## Deriving the volume and surface area of a cone

Hello, this is my first time posting on physics forums, so if I do something wrong, please bear with me :)

I am trying to derive the formula for the lateral surface area of a cone by cutting the cone into disks with differential height, and then adding up the lateral areas of all of the disks/cylinders to find the lateral area of the cone. (Similar to using the volume of revolution, but just taking the surface area). I assumed that the heights of each of the disk was dH, where H = the height of the cone. However, using that method, I got pi*radius*height instead of pi*radius*(slant height).

On another thread in physics forum (http://www.physicsforums.com/showthread.php?t=354134) , a person used a similar method as I did, and someone replied saying that the height of each disk is dS, where S = the slant height of the cone, not dH, where H = the height of the cone. And using dS instead of dH allowed me to find the correct formula for the lateral area of the cone!

HOWEVER, using dS instead of dH contradicts with the same method for finding the volume of the cone. I basically used the method shown in another person's video (http://www.youtube.com/watch?v=Btx_f883uFU) to find the volume of the cone, but that person assumed that the height of each disk is dH, not dS.

So is the height of each disk dS or dH? If it is dS, then I understand how to get the formula for the lateral surface area of the cone, but not the volume. But if it is dH, then I understand how to get the formula for the volume of the cone, not the surface area. Can anyone clear up my confusion? I know that there are other methods to find the surface area/volume, but I just want to know why there is a contradiction between the dH/dS thing. Thanks! Any help is appreciated! :)
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 ds is the rate of change in the lateral area of an infinitesimal disk, while dh is the change of its height. The volume of an infinitesimal cylinder is computed using its height, not its slant height; while when you are computing the surface area, the height of each cylinder is not what you want to use. You can easily apply the Pythagorean theorem to see what I mean. In a pure cylinder, the slant height and the normal height is equivalent. When you are partitioning a cone however, they are not. This is simply because the cone has a slope that can't simply be discarded. Discarding the slope is exactly what you are doing now. Volume is OK to compute like that, but surface area isn't. This solves your problem.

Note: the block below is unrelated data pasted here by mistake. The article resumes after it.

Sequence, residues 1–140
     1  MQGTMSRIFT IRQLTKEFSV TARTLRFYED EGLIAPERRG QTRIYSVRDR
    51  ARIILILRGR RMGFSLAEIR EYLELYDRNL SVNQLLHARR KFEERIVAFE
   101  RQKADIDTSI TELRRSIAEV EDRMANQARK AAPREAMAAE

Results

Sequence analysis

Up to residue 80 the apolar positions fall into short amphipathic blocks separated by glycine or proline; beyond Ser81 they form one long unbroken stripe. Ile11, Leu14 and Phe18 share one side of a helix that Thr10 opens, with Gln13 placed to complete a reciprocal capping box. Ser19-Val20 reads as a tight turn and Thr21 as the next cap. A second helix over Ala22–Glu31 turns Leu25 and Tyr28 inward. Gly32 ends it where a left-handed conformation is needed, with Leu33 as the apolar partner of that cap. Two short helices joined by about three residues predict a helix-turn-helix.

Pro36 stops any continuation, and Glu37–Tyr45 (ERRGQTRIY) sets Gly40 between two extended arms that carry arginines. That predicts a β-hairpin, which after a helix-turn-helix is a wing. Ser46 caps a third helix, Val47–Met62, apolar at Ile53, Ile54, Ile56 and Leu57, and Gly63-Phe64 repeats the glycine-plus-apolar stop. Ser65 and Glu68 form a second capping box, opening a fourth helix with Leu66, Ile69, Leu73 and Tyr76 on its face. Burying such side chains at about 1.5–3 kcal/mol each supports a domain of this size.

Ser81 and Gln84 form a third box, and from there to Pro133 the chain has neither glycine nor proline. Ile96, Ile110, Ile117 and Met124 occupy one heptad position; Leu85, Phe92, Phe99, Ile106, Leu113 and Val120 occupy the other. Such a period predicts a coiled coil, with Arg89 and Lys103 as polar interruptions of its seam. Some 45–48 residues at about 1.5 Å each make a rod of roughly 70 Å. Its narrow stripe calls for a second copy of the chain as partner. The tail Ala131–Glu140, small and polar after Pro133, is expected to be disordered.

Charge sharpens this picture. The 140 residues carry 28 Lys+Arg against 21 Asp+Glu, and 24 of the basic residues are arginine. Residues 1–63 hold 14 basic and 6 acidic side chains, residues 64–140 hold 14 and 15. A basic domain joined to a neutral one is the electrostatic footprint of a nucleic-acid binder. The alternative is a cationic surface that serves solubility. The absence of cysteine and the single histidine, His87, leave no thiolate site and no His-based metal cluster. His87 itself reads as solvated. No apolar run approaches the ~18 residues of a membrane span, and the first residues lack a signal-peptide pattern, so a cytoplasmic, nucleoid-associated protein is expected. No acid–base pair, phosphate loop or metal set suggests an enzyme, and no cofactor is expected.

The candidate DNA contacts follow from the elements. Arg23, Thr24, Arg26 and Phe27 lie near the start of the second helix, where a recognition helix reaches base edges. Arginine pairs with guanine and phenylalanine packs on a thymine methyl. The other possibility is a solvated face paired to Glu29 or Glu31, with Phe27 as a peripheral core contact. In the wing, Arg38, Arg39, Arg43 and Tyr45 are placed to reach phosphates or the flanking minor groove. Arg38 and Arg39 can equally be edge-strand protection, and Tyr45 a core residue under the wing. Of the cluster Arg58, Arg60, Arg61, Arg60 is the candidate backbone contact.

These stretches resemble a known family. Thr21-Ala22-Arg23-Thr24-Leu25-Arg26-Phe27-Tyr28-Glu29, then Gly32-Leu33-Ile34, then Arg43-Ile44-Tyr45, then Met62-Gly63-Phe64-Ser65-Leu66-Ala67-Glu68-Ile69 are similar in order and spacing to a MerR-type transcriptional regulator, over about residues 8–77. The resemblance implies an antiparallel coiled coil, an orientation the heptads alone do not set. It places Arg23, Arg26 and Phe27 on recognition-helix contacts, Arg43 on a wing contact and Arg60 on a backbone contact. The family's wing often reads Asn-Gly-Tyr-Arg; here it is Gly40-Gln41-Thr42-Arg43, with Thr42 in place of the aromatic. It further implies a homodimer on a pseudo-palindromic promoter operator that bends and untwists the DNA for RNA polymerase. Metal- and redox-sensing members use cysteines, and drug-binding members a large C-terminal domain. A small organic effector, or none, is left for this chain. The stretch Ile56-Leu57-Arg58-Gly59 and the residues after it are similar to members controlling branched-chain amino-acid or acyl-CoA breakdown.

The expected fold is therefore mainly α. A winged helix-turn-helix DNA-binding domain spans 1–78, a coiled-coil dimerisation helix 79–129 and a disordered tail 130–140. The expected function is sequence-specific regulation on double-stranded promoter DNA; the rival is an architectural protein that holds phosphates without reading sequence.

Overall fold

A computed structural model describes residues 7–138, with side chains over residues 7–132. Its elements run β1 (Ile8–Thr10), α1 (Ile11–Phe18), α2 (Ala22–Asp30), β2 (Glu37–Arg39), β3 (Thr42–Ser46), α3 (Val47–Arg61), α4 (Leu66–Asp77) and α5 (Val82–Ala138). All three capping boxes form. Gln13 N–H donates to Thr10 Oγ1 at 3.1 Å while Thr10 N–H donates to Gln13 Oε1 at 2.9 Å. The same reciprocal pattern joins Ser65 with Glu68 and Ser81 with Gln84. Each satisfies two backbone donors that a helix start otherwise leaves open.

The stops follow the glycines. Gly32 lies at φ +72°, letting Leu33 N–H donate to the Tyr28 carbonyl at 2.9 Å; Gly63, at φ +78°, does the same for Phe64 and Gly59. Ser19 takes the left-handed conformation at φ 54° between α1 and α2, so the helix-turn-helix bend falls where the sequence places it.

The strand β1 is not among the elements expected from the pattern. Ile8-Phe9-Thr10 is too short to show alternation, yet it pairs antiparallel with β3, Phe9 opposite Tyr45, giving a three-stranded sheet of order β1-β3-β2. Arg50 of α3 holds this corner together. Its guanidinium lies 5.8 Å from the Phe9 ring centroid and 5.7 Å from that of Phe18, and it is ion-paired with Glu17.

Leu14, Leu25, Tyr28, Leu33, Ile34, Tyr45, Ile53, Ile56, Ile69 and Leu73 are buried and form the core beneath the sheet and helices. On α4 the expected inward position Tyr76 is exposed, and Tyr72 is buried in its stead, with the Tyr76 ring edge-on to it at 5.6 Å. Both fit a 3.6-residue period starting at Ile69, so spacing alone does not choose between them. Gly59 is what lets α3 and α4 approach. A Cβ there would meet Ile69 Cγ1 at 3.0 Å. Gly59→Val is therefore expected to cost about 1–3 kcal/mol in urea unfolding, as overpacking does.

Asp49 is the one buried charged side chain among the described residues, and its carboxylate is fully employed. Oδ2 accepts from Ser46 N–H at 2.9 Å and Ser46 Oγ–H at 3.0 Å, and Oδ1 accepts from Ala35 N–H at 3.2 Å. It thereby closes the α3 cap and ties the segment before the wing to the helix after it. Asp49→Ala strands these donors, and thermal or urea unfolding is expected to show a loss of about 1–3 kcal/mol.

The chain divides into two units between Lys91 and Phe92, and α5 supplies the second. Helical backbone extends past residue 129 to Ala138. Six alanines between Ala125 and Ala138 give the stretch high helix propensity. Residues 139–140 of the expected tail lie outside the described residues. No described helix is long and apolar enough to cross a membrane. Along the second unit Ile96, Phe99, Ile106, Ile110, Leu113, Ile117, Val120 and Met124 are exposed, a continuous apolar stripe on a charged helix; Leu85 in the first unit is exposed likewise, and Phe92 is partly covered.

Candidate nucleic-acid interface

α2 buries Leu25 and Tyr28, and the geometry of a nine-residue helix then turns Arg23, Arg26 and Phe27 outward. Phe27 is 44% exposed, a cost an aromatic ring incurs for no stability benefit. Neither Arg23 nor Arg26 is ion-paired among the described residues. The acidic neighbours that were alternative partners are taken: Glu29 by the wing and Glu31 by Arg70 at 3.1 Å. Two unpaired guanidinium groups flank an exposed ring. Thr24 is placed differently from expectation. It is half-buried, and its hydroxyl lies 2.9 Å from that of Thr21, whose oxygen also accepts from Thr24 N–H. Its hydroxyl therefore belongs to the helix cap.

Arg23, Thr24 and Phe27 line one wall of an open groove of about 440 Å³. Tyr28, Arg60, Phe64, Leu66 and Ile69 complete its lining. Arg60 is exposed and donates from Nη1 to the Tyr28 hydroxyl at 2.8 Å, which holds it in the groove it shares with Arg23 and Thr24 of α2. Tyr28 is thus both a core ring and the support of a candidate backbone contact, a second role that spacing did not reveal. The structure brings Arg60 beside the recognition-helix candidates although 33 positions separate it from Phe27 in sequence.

Hello Millennial, thank you for your reply! I understand that cylinders have a different slope from cones. However, you said, "Discarding the slope is exactly what you are doing now. Volume is OK to compute like that, but surface area isn't." Why is it okay to discard the slope when computing the volume, but not okay when computing the surface area? Thanks!

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## Deriving the volume and surface area of a cone

The tiny volume bit error is, relatively speaking, vansihingly small to that which is kept.

The local cylinder volume approximation is Vc= pi*r^2*dz

Now, let us look at the volume of the tiny element from an expanding cone.

This is made up of Vc+the volume of a triangular area with the full circular periphery as its radius.

This bit's volume can be written (2*pi*(r+dr))*1/2*dz*dr, where dr is the tiny radial additon from position (z,r) to position (z+dz, r+dr).
Now, the biggest part of this volume equals pi*rdzdr (agreed?)
Since both dz and dr goes to zero in the limit, the PRODUCT of these tiny quantities go much faster to zero than either one of them.
Agreed?

Thus, we can discard that volume bit relative to Vc.
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However, what you lose when computing surface area (with cylindric approxamition), you'll lose area portions that do not vanish faster than the one you keep.
 Recognitions: Gold Member Homework Help Science Advisor As for the surface area element, with the cylinder, you get r*dw*dz, where dw is the tiny angle, and r*dw the tiny arc length. With the cone, you get r*dw*dS instead (where dS is the length along the skewed plane), so that the ratio of these terms are dS/dz. This does NOT equal 1, so that you cannot approximate the surface area locally with that of the cylinder